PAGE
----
I may have pondered this post whilst relishing a range of Rosé d’Anjou wines atop a Shoreditch rooftop, but as my brain became hazy, the pink drink called to mind an altogether more exotic neighbourhood. The ground in question is found half a world away, yet is heavily influenced by the self-same country that bottled the beverage fast disappearing from my glass.
The former French colony of Pondicherry is surrounded by the South Indian state of Tamil Nadu. Almost three centuries of occupation is evidenced in architecture, language, and the bakeries still in full flour-dusted flourish. Much like the food of Mauritius, a delicious fusion arose from adopted and adapted French ingredients, traditions and techniques.
Pondicherry officially became Puducherry in 2006, but despite the name change the same influences remain when it comes to the khana. The French formally and completely ceded control to India in 1962 when the town was declared capital of the Union Territory of Puducherry. Had the Europeans attempted to ban the baguette as they retreated, one suspects a ferocious fight may have ensued.
Over in Europe, as the French departed the sunny climes of Pondicherry, rose was enjoying its very own moment in the sun – especially those from Anjou in the Loire Valley. By the Eighties’ end, over half of all the wine produced in the district was blushing pink in response to rosé’s roaring popularity.
In India, the popularity of wine was on the wax even in the wake of the French departure. Thus far, the emergent industry had briefly flourished under British rule, and local wine had received a fine reception at an 1883 Calcutta expo. But a bout of phylloxera largely wiped Indian wine off the map and menu, and religious, moral and political opposition to alcohol did little for the tipple.
The tipping point in India came as Anjou’s rose production reached its peak in France, and the subcontinent’s wine production increased in response to middle classes finding the juice of the vine evermore moreish. Thankfully, the Millenium revealed not another bug like the louse of the last century’s end, but a year-on-year increase in demand for Indian wine.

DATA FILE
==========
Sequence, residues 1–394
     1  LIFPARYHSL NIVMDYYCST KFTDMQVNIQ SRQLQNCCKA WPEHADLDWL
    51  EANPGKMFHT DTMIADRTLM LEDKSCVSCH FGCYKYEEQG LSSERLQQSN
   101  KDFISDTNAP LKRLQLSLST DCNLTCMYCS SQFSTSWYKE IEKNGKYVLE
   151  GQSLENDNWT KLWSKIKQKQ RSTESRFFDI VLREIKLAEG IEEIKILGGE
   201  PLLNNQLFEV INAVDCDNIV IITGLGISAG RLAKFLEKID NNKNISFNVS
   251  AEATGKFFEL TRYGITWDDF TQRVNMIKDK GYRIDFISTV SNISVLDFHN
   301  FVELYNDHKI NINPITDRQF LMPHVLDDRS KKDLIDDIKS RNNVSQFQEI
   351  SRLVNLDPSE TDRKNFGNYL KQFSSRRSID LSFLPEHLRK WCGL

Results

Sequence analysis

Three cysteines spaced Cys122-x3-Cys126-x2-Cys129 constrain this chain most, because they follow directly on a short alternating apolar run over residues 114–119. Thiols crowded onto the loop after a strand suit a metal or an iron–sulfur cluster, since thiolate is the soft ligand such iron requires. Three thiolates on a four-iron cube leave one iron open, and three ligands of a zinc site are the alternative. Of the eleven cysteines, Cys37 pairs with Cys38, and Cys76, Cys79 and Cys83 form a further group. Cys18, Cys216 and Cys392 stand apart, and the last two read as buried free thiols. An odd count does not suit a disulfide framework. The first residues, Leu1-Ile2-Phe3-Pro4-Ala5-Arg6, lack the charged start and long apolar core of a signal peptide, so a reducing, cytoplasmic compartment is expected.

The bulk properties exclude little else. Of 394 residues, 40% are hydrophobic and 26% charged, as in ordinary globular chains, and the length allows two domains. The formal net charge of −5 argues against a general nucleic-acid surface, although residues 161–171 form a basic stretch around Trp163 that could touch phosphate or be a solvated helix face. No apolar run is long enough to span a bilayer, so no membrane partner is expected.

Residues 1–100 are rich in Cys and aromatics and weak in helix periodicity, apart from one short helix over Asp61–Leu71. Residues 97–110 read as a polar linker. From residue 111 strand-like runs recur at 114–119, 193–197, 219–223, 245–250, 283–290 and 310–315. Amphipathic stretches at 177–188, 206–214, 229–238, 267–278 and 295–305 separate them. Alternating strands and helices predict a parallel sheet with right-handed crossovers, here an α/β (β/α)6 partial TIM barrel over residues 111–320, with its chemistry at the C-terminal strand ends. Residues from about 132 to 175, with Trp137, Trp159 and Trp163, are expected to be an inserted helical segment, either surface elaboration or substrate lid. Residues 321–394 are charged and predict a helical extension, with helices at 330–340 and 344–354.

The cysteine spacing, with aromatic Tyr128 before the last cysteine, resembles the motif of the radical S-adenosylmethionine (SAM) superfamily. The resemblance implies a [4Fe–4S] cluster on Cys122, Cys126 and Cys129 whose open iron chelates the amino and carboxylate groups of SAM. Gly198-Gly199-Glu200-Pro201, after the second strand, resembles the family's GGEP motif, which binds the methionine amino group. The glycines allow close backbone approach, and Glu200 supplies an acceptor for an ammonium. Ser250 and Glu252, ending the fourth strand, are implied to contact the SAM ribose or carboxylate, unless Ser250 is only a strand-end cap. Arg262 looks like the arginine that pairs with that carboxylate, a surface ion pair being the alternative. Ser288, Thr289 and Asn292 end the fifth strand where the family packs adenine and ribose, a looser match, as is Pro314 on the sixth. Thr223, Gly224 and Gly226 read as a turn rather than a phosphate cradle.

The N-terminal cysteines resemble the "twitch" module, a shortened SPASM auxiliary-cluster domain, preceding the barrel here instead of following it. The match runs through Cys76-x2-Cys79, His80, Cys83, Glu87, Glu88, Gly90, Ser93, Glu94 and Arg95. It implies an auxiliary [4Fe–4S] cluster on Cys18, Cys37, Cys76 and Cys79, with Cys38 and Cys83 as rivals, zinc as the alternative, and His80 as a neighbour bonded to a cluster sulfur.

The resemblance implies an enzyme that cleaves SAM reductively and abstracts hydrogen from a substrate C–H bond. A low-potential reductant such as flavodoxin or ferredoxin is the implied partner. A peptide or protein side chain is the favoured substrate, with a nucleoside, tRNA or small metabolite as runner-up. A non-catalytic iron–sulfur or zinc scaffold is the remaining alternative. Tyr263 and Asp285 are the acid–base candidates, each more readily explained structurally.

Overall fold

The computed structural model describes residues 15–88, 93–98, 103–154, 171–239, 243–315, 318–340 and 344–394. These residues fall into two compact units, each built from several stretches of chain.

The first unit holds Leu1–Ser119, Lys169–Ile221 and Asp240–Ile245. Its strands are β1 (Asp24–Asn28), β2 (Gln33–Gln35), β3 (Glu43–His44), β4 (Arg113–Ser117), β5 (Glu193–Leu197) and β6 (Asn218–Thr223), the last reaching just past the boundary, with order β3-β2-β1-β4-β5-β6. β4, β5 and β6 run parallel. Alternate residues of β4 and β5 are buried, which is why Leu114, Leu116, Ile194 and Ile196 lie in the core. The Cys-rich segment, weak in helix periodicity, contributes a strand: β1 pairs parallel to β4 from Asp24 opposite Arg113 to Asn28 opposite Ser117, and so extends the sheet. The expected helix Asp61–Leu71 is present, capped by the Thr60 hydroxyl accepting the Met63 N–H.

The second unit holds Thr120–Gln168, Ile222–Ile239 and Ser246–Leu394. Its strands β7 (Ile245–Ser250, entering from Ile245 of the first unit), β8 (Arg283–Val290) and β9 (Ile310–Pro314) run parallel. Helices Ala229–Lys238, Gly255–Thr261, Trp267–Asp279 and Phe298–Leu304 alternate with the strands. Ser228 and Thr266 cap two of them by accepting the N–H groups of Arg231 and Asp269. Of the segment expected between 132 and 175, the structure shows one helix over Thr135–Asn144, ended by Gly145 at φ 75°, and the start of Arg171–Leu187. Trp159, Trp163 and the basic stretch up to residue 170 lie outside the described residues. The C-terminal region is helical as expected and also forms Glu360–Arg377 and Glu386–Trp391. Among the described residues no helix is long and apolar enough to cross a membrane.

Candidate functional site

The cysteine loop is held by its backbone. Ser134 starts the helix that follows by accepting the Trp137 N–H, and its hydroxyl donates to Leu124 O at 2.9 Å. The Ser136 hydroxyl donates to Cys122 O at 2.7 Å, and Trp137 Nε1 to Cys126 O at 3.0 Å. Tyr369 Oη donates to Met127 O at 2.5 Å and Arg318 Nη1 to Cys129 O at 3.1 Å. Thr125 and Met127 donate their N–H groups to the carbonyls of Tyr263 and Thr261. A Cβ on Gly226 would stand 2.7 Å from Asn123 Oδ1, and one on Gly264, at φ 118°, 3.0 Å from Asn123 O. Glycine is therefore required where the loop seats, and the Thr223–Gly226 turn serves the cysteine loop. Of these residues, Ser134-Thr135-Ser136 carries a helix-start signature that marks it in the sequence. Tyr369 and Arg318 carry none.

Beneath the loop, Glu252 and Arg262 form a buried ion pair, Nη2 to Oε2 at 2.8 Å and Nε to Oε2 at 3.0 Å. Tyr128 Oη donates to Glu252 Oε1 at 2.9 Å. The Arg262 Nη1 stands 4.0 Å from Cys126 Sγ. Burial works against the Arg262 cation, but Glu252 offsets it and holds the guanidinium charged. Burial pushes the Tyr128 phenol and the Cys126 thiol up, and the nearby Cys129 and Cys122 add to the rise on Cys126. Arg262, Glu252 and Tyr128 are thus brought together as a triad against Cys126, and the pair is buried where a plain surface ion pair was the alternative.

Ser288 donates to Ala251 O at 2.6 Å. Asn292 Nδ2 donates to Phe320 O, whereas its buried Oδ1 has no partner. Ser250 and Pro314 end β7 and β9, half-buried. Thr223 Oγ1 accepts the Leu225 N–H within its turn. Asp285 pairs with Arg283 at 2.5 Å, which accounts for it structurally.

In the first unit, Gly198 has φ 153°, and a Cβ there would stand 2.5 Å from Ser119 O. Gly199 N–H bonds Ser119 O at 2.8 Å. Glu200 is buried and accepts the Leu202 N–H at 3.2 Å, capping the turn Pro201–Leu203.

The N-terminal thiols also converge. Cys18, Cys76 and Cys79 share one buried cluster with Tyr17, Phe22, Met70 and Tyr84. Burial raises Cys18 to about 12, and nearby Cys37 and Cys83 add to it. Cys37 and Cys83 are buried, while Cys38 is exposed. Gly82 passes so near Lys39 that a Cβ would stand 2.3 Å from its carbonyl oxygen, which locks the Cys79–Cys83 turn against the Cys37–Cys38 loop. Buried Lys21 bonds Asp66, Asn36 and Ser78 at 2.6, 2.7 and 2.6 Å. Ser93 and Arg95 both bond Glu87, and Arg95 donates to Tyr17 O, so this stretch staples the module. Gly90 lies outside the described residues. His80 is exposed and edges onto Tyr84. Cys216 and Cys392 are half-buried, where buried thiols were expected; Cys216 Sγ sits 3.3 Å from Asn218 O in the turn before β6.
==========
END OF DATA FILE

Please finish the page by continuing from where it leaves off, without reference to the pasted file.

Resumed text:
Tamil Nadu’s only local winery is Cumbum Valley, which long-fought for its license to manufacture the ‘Misty Grapes’ and ‘Red Sea’ ranges. In 2013, the Government allowed IMFL (Indian Made Foreign Liquor)-licensed venues to vend imported alcohol, meaning Pondicherry suppers can now be savoured with something made by the same nation who influenced the food on the state’s plate.
But the French wines you’ll find in Pondicherry are widely regarded as, to put it plainly, ‘rank’; although its French-influenced fare is an interesting affair indeed. If you wish to be made merry by your drink as you eat, then, a visit to London’s La Portes des Indes is perhaps the preferred way to discover the Pondicherry cuisine so rarely purveyed in the UK.
It’s often said that treading Pondi’s seaside streets is like taking a step back in time. You’ll find La Porte des Indes’ interior bears more than a fleeting resemblance to the Indian town known as the ‘French Riviera of the East’; from the curvy, colourful furnishings, to the colonial Jungle Bar, to the crashing, splashing 40ft waterfall.
You’ll find, too, that you’ll fall fast for the food, rushing to gush about the menu chef Mehernosh Mody has built up around dishes discovered amongst Pondicherry’s French-Creole communities. Fois gras with fig and ginger chutney, saffron-sauced scallops and vindai-spiced cassoulet de fruit de mer show the cuisine’s classic refined, defined French influences to splendid effect.
Effective, too, is the inclusion of a handful of heritage recipes that namecheck the cook. Magret de Carnard Pulivaar dresses duck with Madame Lourde Swamy’s tangy tamarind sauce. Mrs David Annuswamy’s family recipe for coconut-laced Kari de Mouton makes a great case for getting one’s goat on. Spicy veg sides like Rougail d’ Aubergine are scooped up with the Pondi pancakes called ‘Le Pain Créole’.
You’ll like Pondicherry cuisine fine if you like fine French fare but find you need bigger flavours to savour. To a spice-savvy Pondi palate, French food was a bit bland. But dishes soon developed that je ne sais quoi following seasoning from a canny hand – although the food is still amongst the least fiery in South India. Gravies dress dishes in the manner of Western sauces, and local vinegar lends tang.
At La Porte des Indes, the extensive wine list wanders the world; with subcontinental sips from Sula, Grover Vineyards, and Mandala. When it comes to the thorny issue of pink drinks that flatter Indo-French food, there’s a single rosé amongst the Indian inclusions, with a further few from Sicily, California and San Tropez. But look for anything from Anjou and you will be sorely disappointed.
I return from my reverie to the rooftop where I’m residing on one of the Queen of Hoxton’s thrones, and ask tonight’s reigning monarch about the issue – would Anjou’s rosés appeal with a Pondi meal? Oracle on matters oenophilic, Douglas Blyde, opines that the sweeter, lower-alcohol tipples we sip work well with Indian flavours; able to support spice and complex flavours without overwhelming.